In the annals of “I don’t really know what is going on in my own church” I think I’ve reached a new low. I’ve been told that at least in some dioceses, by custom, the Christmas collection goes to the pastor. Not to the parish, but to the pastor personally.
When I heard this, I must admit, it shocked me. It’s not that I think pastors are undeserving of bonuses at Christmas time. The point is that the collection at Mass isn’t for that purpose. It’s a ritual way of giving support for the needy and for the church as a whole. “Special” collections are always identified as such, so that you know—at least in a general way—where the money goes.
If I knew that what I put in the basket at Christmastime was going directly into the pastor’s pocket, rather than keeping the lights on or caring for the church’s mission, I would evaluate the Christmas collection entirely differently. Now I am wondering what actually happens in my own diocese. Is it possible this has been going on for generations and I never knew about it?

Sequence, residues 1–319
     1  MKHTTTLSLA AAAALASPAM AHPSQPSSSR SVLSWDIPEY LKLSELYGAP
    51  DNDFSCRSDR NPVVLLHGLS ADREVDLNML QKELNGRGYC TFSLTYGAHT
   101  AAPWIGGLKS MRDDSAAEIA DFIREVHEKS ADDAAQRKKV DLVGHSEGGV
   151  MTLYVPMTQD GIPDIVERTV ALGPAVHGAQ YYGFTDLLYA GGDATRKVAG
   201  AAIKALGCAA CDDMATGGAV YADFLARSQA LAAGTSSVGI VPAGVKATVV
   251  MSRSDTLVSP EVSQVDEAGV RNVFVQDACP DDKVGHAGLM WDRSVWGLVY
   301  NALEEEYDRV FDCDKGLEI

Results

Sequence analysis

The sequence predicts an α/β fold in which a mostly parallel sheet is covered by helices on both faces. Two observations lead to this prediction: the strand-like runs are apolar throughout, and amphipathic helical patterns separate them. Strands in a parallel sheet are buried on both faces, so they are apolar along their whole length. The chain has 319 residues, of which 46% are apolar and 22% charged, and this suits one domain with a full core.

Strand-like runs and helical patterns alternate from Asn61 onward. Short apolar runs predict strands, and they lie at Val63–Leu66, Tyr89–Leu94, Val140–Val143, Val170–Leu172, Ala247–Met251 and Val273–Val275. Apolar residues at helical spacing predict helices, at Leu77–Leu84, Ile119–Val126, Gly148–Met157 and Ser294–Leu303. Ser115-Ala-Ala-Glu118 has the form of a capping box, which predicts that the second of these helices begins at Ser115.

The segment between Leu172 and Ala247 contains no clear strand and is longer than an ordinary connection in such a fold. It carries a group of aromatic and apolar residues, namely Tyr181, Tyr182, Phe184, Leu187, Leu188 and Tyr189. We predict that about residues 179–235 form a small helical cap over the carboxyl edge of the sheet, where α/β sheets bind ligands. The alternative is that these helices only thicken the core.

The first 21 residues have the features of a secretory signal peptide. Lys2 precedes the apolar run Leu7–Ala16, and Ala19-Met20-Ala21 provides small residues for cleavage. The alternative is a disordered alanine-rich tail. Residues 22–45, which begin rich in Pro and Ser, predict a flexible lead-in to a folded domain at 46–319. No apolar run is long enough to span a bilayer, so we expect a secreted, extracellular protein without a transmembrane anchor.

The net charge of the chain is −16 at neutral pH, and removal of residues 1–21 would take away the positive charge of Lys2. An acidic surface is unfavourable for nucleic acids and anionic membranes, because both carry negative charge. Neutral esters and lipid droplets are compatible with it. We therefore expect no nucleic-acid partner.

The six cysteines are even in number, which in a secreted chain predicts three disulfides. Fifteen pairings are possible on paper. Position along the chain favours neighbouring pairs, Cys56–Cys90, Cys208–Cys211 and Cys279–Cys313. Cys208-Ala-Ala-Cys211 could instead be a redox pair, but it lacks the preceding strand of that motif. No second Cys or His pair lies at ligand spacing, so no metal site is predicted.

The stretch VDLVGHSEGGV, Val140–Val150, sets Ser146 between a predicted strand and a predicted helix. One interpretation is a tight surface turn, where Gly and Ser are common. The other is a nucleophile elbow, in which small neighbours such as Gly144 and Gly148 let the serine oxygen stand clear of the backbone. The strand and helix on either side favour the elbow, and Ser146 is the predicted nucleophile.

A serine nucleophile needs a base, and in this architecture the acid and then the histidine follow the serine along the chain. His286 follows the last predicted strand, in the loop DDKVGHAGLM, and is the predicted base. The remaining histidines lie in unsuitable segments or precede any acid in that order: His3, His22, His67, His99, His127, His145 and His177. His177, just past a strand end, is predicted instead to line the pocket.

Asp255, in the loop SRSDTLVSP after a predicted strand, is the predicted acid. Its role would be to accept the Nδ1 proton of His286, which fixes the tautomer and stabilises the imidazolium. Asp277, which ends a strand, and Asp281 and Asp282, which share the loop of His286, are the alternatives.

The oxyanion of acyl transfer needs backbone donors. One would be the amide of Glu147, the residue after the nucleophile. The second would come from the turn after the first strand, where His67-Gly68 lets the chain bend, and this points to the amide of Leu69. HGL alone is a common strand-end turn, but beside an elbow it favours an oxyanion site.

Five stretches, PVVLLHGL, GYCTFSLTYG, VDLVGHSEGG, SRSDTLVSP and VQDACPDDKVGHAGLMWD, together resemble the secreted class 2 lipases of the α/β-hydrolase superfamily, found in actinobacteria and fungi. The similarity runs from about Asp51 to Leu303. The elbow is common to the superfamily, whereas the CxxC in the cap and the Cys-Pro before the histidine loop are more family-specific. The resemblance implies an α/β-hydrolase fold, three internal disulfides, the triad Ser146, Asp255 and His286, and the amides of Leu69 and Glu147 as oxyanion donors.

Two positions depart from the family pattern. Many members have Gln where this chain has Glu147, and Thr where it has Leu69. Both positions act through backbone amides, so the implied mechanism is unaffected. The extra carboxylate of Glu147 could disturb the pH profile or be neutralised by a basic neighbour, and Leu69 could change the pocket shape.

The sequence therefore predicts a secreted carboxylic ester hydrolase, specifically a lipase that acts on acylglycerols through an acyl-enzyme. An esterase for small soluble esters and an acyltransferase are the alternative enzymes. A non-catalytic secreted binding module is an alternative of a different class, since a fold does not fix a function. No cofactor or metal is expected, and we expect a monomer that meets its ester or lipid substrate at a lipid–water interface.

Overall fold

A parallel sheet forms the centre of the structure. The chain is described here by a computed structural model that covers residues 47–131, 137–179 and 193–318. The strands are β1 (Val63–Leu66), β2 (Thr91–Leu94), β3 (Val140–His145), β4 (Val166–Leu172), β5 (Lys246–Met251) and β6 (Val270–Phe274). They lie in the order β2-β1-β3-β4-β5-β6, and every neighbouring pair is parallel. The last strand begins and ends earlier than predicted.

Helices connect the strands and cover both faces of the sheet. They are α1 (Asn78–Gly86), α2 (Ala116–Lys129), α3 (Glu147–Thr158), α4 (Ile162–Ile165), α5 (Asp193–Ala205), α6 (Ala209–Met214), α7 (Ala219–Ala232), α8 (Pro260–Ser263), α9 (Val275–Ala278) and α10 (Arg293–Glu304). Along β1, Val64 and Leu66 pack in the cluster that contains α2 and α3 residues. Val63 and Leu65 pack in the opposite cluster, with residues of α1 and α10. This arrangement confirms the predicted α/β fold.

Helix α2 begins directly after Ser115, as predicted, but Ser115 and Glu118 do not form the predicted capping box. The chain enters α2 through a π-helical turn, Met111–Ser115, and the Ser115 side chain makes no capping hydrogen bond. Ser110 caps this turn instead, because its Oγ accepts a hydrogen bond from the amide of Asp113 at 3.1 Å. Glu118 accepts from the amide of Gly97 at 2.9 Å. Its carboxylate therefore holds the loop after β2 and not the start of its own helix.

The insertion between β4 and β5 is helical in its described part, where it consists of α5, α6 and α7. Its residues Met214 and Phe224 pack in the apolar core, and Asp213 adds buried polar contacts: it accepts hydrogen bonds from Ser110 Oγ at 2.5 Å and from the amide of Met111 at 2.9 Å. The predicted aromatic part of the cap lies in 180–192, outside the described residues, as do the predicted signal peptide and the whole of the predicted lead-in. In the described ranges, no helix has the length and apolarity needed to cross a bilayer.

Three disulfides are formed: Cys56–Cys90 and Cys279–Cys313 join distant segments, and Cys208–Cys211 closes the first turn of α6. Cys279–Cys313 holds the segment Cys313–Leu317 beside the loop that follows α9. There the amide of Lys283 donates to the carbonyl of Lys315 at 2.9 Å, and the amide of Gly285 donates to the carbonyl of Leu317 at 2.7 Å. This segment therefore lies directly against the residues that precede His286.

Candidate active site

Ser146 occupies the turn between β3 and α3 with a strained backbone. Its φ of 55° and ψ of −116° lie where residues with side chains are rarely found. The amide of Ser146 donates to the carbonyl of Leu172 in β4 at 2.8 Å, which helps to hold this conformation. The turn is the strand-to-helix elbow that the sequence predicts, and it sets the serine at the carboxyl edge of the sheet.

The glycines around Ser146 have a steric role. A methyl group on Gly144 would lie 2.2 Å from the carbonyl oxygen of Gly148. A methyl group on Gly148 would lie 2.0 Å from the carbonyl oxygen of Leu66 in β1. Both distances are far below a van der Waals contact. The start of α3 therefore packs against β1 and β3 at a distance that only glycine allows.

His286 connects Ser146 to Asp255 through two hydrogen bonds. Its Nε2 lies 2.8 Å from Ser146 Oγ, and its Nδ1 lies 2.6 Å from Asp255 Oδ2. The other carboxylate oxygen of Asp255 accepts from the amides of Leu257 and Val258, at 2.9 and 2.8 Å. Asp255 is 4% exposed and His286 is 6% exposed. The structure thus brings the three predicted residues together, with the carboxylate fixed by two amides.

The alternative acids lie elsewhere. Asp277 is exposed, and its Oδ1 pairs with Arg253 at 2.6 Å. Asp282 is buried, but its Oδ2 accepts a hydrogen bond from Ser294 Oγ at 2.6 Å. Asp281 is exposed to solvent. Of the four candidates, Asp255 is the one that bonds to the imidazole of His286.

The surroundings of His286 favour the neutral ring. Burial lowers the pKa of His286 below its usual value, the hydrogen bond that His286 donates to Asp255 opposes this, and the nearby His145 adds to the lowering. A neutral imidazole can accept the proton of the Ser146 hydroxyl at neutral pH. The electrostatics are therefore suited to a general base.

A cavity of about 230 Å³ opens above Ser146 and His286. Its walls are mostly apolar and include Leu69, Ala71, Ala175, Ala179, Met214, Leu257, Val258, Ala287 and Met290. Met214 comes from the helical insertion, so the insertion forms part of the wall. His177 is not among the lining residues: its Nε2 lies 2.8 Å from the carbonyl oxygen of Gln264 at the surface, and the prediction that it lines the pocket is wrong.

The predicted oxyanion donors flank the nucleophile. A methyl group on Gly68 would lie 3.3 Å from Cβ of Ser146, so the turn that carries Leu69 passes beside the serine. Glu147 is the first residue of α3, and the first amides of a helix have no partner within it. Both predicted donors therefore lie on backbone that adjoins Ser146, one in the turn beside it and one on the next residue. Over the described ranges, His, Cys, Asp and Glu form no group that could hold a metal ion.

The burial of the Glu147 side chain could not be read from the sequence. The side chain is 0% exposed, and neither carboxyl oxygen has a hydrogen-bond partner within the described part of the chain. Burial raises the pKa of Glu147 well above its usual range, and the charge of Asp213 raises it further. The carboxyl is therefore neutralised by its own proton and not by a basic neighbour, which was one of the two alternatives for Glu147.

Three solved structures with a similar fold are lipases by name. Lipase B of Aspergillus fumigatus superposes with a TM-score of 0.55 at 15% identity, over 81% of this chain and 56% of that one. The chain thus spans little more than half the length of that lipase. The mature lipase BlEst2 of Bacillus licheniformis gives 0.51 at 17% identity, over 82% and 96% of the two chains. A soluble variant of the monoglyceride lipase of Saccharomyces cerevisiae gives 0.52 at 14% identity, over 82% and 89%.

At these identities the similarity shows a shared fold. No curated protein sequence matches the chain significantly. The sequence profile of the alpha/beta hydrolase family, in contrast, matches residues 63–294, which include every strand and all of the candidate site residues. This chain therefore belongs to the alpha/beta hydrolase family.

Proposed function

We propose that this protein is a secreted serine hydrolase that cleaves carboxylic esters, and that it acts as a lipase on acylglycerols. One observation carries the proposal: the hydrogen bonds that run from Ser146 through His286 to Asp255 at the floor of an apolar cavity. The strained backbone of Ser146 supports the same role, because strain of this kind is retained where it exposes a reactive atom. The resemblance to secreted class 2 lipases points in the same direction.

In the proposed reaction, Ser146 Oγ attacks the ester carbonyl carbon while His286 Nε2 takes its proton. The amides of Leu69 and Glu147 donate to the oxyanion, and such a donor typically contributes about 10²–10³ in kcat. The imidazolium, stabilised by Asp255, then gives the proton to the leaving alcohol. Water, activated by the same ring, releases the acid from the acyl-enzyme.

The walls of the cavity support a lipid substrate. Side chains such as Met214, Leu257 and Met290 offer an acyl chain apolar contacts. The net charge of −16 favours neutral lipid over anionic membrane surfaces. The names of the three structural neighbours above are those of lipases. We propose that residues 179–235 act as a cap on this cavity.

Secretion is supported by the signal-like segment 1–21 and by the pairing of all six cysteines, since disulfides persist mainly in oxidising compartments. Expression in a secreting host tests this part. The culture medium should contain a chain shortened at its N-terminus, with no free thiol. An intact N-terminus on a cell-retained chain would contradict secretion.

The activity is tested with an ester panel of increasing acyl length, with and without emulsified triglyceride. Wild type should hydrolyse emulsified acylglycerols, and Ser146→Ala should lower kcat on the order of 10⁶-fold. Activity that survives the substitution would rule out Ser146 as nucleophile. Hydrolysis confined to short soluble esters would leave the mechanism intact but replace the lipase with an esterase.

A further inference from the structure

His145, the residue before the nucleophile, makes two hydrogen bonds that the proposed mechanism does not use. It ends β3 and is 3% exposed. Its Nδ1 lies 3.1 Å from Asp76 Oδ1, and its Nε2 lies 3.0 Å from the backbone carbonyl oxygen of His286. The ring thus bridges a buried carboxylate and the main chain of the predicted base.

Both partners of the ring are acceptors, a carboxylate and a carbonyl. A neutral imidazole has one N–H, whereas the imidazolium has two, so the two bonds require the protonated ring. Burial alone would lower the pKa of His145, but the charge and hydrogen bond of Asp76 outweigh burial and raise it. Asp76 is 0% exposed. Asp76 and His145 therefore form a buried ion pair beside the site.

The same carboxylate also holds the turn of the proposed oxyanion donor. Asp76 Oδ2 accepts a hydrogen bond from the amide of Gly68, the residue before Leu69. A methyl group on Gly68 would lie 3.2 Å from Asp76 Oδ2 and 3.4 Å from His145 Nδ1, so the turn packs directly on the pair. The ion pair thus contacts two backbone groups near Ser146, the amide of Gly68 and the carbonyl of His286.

Don’t get me wrong. People want to be generous at Christmas and that’s great. If there were a common gift to the pastor, I think that most people would give to it cheerfully. I simply think that the collection at Mass should never go to a single individual. If folks give to the church at Christmas, especially those once-a-year attenders, it should be clear that it’s going toward the common good or to outreach and service, not paying for a cruise for father.
Does anyone have any further information about this practice? How it started? Whether it is widely followed? Would it make a difference to how much you gave at Christmas if you knew it was going directly to the pastor rather than to the parish?